Commentary

365 days later, every day counts

A picture taken with a drone shows a general view of the site of the Aug. 4, 2020 explosion in Beirut's port, after almost a year since the blast, August 2, 2021. REUTERS/Imad Creidi

We commemorate today the tragedy that took place on August 4, 2020, in Beirut. A man-made disaster, one of the largest non-nuclear explosions in history, that killed 214 people, left more than 6,000 injured, and shattered the lives and livelihoods of thousands across Lebanon.

365 days later, the people of Lebanon are still waiting for the justice promised by the country’s decision makers.

365 days later, the investigation continues to stall, without a truly independent judiciary able to block political intervention.

365 days later, we reiterate our call for an effective, independent and transparent investigation that can bring justice for the victims and peace for their families. In a country notorious for its culture of impunity, accountability could demonstrate that change is possible.

As we look back on this year, another tragedy unfolds before our eyes: an economic implosion with severe implications on Lebanon’s social fabric and human capital, which could be an irreversible loss for Lebanon. It is time for the country’s decision makers, who are entrusted with the safety, security and well-being of their people, to live up to their responsibilities.

We continue to stress to Lebanese counterparts the need to adopt urgent measures to get out of the crisis. Following the blast, the European Union, the United Nations and the World Bank presented a people-centred plan for the recovery and reconstruction of Beirut. At the heart of this plan are reforms. Meaningful socio-economic reforms that the Lebanese authorities should urgently undertake to stabilise the dramatic situation and put Lebanon on the path of economic recovery. Unfortunately, too little has been done.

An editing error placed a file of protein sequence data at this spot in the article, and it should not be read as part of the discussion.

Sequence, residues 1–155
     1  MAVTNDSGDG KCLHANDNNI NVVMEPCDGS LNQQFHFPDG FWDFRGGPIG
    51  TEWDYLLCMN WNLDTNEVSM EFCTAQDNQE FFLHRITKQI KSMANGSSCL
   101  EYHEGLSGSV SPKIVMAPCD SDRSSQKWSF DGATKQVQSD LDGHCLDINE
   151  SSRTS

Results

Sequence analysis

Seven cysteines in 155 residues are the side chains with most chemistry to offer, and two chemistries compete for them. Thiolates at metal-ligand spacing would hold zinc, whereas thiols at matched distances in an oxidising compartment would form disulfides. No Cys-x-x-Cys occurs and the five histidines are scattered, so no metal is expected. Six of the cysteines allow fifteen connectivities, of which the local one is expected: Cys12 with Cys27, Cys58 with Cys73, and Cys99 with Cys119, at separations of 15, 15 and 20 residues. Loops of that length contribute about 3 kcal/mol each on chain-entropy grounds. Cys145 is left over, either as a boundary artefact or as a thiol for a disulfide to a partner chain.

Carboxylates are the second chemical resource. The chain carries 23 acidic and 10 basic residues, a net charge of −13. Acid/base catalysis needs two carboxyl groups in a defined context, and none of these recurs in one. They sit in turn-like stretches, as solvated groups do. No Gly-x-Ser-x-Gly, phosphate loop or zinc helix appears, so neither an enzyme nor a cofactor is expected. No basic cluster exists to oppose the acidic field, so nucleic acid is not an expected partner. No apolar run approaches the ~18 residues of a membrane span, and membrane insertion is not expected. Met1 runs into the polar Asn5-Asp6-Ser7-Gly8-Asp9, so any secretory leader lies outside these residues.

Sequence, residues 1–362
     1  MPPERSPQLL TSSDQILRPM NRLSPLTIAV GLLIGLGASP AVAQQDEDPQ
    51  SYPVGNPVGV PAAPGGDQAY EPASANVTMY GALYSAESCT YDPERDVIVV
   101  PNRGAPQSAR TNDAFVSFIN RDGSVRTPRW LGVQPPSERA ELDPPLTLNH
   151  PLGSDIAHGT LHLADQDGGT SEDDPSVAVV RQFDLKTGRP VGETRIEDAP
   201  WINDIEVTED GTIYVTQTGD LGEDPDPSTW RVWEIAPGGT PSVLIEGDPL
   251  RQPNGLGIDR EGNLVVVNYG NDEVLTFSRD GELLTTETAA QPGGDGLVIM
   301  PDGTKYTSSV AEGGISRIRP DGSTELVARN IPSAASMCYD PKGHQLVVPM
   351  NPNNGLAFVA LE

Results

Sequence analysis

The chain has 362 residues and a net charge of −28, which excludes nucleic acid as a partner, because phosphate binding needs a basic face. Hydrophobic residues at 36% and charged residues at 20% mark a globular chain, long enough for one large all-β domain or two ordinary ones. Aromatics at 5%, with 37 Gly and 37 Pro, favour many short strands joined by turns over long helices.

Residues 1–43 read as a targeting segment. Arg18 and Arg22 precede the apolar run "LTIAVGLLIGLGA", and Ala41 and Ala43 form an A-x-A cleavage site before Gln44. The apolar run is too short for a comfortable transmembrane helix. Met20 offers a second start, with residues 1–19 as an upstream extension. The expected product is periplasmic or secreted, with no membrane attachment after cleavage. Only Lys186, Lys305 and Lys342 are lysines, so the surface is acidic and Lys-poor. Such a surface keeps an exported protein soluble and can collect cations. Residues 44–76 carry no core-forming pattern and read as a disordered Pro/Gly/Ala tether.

We remain committed to assist the people of Lebanon. But without a real transformation in the way the country is governed, our efforts mean little. The forthcoming elections offer a unique opportunity for people to make their voices heard and start the change they are calling for. But change must begin now. The country critically needs a Government capable of managing the crisis, working together with a Parliament to make progress on reforms. It is time to act now. Every day counts.

We lend a hand to those who still believe in this country. Let us work together for a better Lebanon. A country worthy of its great people.

Ralph Tarraf is Ambassador of the European Union to Lebanon.

Najat Rochdi is UN Deputy Special Coordinator for Lebanon, Resident and Humanitarian Coordinator.

Saroj Kumar Jha is Regional Director of the Mashreq Department of the World Bank.

 

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